Hillary Clinton urged Americans to defend democratic freedoms and fight for women’s equality in a deeply personal concession speech.
The first female Presidential candidate said representing the Democrats was “one of the greatest honours of my life”.
Speaking directly to the women who supported her, on a day when the US elected a man who boasted of sexual assault, she said: “I know we have still not shattered that highest and hardest glass ceiling, but some day someone will, and hopefully sooner than we think right now.
“And to all the little girls who are watching this, never doubt that you are valuable and powerful, and deserving of every chance and opportunity in the world to pursue and achieve your own dreams.”
Nevertheless, the woman who was favourite to be President on polling day, acknowledged her disappointment: “This is painful and it will be for some time.”
Hillary Clinton has a message to all the little girls: pic.twitter.com/wOnO4ZQUun
— Vox (@voxdotcom) November 9, 2016
Clinton said she had congratulated Donald Trump, the Republican President-Elect, and offered to work with him on behalf of the country.
She asked the public to accept the result of the election, in line with the constitution.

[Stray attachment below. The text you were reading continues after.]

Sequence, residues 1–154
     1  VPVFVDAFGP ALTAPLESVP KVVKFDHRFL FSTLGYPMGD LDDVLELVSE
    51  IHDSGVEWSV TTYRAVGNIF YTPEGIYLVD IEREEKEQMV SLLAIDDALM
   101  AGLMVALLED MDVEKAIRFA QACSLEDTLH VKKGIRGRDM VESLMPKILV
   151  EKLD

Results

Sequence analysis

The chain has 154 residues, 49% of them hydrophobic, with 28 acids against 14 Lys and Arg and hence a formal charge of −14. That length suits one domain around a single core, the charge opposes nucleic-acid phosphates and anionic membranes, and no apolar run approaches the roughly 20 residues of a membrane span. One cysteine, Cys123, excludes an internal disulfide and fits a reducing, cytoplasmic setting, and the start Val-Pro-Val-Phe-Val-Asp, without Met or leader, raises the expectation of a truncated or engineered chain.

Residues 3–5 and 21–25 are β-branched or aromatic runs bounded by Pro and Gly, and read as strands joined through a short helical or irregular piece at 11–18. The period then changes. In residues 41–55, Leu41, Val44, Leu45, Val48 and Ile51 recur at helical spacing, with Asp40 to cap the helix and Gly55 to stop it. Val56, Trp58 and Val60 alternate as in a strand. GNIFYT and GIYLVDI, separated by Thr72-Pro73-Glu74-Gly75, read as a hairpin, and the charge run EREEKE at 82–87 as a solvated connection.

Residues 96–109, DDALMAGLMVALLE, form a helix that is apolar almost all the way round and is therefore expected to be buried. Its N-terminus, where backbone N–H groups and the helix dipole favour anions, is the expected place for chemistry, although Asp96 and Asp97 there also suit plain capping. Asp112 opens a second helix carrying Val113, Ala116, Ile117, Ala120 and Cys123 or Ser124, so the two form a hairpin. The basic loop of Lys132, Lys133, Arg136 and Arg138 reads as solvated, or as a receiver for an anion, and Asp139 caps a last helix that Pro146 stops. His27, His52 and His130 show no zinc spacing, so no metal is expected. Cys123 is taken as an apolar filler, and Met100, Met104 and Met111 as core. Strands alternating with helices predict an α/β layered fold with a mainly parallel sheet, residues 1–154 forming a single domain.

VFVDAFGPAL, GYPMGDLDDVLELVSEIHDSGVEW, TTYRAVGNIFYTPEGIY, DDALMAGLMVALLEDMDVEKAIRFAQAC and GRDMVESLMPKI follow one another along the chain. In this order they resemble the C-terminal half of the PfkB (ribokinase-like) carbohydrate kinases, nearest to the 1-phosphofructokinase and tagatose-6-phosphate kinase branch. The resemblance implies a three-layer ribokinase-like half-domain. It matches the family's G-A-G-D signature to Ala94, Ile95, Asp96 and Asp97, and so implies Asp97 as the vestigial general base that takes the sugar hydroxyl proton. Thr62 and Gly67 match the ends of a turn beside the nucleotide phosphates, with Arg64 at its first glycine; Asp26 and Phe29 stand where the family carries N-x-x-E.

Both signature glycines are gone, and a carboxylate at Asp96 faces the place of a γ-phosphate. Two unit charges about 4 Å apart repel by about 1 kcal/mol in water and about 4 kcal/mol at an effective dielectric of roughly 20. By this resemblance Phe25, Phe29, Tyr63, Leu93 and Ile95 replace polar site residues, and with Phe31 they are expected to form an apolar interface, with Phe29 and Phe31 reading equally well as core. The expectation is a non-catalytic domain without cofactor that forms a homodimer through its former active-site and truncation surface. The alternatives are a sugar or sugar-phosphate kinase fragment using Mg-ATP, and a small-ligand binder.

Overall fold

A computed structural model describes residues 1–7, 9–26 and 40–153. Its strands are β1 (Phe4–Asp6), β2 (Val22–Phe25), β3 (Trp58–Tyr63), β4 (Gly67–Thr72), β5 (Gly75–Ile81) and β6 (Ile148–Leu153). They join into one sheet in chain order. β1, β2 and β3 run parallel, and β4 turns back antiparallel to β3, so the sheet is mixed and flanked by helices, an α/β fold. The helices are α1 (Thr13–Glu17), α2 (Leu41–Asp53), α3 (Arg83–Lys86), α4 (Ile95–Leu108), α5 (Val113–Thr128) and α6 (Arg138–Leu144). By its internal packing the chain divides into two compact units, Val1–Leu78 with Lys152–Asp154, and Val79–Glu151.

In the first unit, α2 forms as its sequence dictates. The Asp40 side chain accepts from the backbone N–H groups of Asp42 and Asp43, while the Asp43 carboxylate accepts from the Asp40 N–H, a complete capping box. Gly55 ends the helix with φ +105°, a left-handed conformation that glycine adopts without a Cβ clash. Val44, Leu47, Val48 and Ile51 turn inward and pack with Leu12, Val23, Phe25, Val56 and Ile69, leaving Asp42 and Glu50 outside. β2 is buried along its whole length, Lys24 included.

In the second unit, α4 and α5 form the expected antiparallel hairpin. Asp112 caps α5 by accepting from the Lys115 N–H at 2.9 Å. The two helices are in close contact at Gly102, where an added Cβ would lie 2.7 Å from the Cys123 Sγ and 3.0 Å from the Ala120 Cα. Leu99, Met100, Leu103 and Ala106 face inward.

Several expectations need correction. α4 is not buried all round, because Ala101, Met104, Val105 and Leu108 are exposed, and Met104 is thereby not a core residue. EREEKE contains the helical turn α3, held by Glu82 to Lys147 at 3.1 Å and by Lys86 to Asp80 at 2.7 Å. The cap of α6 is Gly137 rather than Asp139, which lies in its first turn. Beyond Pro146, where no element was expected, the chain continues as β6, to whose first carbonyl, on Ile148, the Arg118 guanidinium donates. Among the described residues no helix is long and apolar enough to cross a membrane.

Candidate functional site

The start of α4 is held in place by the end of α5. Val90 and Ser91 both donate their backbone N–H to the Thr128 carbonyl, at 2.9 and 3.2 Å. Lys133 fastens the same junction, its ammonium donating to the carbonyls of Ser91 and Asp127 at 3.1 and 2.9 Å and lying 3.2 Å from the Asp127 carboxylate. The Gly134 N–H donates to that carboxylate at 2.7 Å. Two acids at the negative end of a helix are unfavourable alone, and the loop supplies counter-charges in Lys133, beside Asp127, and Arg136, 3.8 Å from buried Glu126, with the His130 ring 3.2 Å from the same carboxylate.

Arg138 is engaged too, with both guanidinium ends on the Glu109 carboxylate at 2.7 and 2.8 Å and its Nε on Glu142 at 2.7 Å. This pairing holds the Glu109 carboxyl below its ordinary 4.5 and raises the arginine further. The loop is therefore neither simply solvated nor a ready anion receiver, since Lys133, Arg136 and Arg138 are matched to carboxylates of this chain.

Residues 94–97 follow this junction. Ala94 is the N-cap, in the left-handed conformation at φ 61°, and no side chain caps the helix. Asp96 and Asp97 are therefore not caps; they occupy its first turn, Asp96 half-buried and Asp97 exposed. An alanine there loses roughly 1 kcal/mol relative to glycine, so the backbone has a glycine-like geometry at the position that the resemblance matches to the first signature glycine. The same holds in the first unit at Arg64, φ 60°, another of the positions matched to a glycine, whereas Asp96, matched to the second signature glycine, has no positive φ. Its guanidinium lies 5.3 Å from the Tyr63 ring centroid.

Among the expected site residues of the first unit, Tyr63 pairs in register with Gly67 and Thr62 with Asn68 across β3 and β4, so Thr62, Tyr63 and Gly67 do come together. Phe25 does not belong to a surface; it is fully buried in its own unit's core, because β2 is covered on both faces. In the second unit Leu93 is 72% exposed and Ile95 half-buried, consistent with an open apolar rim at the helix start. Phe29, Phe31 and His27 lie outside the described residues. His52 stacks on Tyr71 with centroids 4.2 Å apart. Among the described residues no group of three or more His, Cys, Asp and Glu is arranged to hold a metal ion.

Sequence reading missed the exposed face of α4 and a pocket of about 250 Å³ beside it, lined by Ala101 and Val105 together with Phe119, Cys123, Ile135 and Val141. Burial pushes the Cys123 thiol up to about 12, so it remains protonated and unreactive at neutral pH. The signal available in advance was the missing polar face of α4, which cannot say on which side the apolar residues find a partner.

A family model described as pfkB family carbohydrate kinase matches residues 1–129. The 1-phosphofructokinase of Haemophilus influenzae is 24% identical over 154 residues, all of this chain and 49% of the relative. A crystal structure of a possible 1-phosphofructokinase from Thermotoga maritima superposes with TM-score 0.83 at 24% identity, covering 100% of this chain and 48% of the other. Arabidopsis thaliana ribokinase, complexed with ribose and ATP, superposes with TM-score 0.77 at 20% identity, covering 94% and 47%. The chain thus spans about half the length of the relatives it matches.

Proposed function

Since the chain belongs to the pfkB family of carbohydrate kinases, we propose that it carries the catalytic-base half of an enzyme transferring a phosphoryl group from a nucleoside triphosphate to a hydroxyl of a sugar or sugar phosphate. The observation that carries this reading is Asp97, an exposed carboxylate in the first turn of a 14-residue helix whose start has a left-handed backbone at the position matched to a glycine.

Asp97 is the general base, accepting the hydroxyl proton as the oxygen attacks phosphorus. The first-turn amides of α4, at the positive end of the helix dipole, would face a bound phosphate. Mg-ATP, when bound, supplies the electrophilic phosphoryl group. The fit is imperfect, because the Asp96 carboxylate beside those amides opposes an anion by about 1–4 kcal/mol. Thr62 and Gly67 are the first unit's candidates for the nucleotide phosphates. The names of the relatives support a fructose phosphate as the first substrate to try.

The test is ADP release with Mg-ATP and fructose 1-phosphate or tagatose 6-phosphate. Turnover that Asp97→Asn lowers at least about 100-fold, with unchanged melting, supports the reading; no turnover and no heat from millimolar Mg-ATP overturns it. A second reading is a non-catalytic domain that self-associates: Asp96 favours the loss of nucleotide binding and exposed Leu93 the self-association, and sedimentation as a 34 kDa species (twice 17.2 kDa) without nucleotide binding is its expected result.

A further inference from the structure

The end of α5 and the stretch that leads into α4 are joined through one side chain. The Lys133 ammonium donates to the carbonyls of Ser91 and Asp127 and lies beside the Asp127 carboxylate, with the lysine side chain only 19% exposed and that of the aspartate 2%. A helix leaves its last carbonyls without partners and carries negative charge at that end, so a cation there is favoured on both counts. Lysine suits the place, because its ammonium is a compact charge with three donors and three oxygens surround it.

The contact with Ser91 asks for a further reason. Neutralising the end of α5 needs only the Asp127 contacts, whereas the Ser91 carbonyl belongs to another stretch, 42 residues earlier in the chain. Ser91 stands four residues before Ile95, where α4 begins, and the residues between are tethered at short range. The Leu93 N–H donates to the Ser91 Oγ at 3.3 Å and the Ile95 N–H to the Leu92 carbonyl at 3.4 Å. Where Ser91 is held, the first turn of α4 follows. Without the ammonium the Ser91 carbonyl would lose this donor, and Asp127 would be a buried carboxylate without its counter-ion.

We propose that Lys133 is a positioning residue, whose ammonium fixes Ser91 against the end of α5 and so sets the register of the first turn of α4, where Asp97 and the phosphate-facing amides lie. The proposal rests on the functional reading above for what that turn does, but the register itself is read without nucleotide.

But she also called on them to remember the other parts of the constitution, like freedom of worship and expression: “We respect these values too, and we must defend them.”
Throughout her speech, Clinton thanked her campaign team and encouraged them to stay active throughout the coming four years.
Addressing the younger people watching, she said: “I have spent my entire adult life fighting for what I believe in. I’ve had successes and I’ve had setbacks, sometimes very painful ones…
“You will have successes and setbacks too. This loss hurts. But please never stop believing that fighting for what is right is worth it.”
Exit polls analysed by FiveThirtyEight suggested Clinton led female voters by 12 points, while Trump led men by the same margin.
Clinton also won the popular vote nationwide, but lost to Trump on electoral colleges, the first candidate to do so since Al Gore in the 2000 election.